Continuing a tradition of creating meticulous sculpture reproductions, The Met Store proudly offers a way for you to bring great pieces of art into your home. Today we’re highlighting the work of Auguste Rodin and Edgar Degas, whose respective works, Hand of God and Bather, show the contemporaneous artists working with very different sets of strengths.
The pairing of Rodin and Degas may seem counterintuitive. Rodin was a famous sculptor in his own time, while his contemporary Degas was better known as a painter in his lifetime. The Impressionist publicly displayed only a single sculpted work, The Little Fourteen-Year-Old Dancer, once in 1881. But the pair has been placed together before. In 1900, the work of both artists was on display at the Centennale, a 100-year retrospective of French art at the Exposition Universelle in Paris.
Rodin organized his first major solo retrospective in Paris to open roughly a month and a half after the Exposition started. There, he presented his partial figures Iris, Messenger of the Gods and The Walking Man as completed works.
Now that we live in a world where Rodin is among the most admired of sculptors, it’s odd to think of him as ever needing to boost his confidence; however, the exhibition was something of a vindication for the artist. Rodin had been chastened somewhat by the chilling reaction to his (now-famous) statue of the poet Honoré de Balzac. While Rodin called the statue “the logical development of my artistic career,” the public was not as interested. They called his depiction of the French literary giant, “a seal,” and “a bag of plaster,” and the Societe des Gens de Lettres, which had commissioned the statue, rejected Rodin’s work. Time and critical reception have been kind to Rodin’s piece, but when Rodin died in 1917, Balzac remained in the artist’s own collection in Meudon, outside Paris. A bronze cast of the work wouldn’t be displayed publicly until 1939.
In contrast, Degas kept the figures he made in his apartment and studio. The single public showing of his sculpture in 1914 was also a critical disaster. The first critic to see it on display, Louis Enault, excoriated the piece, saying that the “half-life-size wax statuette is simply frightful. Never has the misfortune of adolescence been more sadly represented.”
But Degas kept at his work. Though many assumed the sculptures were simply studies for paintings—indeed the subject matter, like his paintings, revolved around bathers and dancers—it’s possible that some of his “incomplete” forms were, like Rodin’s, actually complete pieces in and of themselves.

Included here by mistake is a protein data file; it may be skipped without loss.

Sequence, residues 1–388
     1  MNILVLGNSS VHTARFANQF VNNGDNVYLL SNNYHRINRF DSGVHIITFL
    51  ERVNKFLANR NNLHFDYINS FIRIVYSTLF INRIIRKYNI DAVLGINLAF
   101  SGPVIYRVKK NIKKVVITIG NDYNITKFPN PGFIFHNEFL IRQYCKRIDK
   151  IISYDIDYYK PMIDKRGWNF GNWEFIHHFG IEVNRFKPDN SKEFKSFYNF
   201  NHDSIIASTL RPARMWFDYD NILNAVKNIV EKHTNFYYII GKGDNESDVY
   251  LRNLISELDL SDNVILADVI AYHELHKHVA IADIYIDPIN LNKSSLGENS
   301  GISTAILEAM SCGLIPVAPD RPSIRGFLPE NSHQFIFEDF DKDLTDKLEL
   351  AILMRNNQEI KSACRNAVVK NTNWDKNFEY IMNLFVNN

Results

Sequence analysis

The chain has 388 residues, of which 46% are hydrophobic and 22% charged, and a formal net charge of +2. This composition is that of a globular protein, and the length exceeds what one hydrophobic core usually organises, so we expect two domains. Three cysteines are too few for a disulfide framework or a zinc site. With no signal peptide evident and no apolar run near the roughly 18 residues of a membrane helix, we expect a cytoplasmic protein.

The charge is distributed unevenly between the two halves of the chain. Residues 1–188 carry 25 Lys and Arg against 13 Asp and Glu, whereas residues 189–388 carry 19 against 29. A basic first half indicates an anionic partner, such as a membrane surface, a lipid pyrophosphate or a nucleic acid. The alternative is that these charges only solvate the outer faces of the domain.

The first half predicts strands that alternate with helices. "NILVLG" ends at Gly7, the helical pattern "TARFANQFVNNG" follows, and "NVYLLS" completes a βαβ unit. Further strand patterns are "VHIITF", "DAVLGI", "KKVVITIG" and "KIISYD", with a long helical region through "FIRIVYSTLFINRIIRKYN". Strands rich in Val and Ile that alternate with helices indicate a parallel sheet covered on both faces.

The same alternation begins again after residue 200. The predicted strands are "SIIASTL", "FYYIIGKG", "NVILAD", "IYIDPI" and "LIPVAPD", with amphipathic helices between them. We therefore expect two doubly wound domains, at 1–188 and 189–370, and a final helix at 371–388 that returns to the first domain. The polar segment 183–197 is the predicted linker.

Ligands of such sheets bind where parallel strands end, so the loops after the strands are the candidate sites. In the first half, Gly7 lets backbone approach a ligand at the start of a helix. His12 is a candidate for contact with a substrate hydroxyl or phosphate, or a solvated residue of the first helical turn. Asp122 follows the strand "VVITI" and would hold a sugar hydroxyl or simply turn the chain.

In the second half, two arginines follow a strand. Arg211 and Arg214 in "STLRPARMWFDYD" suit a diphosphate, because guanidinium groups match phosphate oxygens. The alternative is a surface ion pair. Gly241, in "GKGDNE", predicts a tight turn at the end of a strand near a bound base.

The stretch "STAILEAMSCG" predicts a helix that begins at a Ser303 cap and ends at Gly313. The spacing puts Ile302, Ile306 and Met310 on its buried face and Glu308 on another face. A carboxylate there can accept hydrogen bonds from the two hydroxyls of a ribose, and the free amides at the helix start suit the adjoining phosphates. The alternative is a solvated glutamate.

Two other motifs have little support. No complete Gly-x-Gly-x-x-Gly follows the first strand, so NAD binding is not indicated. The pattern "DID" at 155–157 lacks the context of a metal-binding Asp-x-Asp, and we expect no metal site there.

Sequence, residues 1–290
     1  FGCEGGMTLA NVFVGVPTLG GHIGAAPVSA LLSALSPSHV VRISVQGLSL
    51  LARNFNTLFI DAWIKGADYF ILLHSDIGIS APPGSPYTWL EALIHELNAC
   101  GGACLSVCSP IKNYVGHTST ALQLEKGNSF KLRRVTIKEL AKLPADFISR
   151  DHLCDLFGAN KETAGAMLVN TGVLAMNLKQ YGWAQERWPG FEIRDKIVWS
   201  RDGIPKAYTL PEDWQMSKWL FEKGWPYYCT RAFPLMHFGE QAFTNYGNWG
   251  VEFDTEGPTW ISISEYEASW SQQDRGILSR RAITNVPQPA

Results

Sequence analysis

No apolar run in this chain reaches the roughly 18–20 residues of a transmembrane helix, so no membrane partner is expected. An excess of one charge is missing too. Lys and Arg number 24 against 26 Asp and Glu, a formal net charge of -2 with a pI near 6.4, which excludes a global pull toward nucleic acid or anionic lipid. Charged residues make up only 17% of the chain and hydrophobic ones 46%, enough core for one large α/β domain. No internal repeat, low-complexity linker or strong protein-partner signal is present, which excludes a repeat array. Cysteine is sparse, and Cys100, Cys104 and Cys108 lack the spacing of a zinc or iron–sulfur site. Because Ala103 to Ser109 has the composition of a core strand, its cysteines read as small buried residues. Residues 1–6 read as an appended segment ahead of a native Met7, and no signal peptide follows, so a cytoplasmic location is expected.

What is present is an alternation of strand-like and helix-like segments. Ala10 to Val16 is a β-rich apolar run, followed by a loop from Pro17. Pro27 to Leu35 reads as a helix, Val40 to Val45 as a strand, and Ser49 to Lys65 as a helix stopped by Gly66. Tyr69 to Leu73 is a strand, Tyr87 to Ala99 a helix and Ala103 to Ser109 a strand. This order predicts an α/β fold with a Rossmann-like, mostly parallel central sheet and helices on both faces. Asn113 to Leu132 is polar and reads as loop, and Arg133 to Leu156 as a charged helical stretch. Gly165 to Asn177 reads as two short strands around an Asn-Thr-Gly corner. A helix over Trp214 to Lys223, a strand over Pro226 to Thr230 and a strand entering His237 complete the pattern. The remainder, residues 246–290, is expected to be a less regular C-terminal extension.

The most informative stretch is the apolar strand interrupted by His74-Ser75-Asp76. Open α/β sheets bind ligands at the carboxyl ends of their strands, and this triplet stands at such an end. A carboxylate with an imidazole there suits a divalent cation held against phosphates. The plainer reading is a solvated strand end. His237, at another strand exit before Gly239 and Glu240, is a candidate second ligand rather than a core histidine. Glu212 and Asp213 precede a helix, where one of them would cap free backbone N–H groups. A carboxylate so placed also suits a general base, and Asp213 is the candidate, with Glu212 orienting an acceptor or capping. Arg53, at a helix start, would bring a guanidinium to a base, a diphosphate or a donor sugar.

Degas’s reputation as a sculptor began to turn around in the 1920s. After his death, Degas’s followers began making casts of the 150 pieces of sculpture found in the artist’s studio, first displaying them in Paris in May 1921, and in New York in 1922. What once seemed “simply frightful” came into style, and now enjoys not only a positive reputation, but a noteworthy legacy. Art historians such as Richard Kendall position the Impressionist painter as “effectively the founder of a distinguished line of untaught sculptor/painters in the modern age, soon to include Paul Gauguin and, most famously, to be followed by Pablo Picasso and Henri Matisse in the early twentieth century.”
The Degas Bather, offered by The Met Store, is just three degrees removed from the artist’s hand. The artist modelled the original in his studio between 1888 and 1892, and a limited number of bronze versions were cast in 1920. The Met Store sculptures were made from molds taken directly from these bronze editions. As Ronald Street, senior manager of 3D imaging, molding and prototypes at The Met, explains with a smile, “That was back when they let us do things like that.”
For posterity’s sake, sculptural reproductions made today are made with the latest in laser and photographic imaging. The patination and work to reproduce a texture, however, still necessitate a lot of hands-on work with the models. The artwork, though, can remain untouched. “Our mission is to first ‘do no harm,’” Street jokes.
Rodin, of course, knew all about handwork. He studied neoclassical sculpture both at the prestigious École des Beaux-Arts and while traveling in Italy. Just as Degas’s paintings overshadowed the rest of his work, Rodin’s sketches have long remained in the shadow of his sculptures.
His work affirms this hierarchy, however. For Rodin the hands were full of expressive possibilities, and The Hand of God indicates just how reverently the sculptor viewed his chosen medium. As the Met collection puts it, “the rough stone is both primeval matter and the sculptor’s medium; the smooth, white, emerging forms held by the hand are the bodies of the first man and woman, while the great, life-giving hand itself is a symbol of the original Creator, and perhaps quite literally, of the sculptor, as well.”
From cast stone, the realistic-looking sinews on Rodin’s Hand of God have been scaled down to better fit into the home by Ron Street and the team at The Met. The reproduction was made “by a combination of modern digital methods,” Street says, “including fringe projection blue light scanning, additive manufacturing technics (3d printing), and traditional hand methods used by artist for centuries,” which gives the final product that handmade look.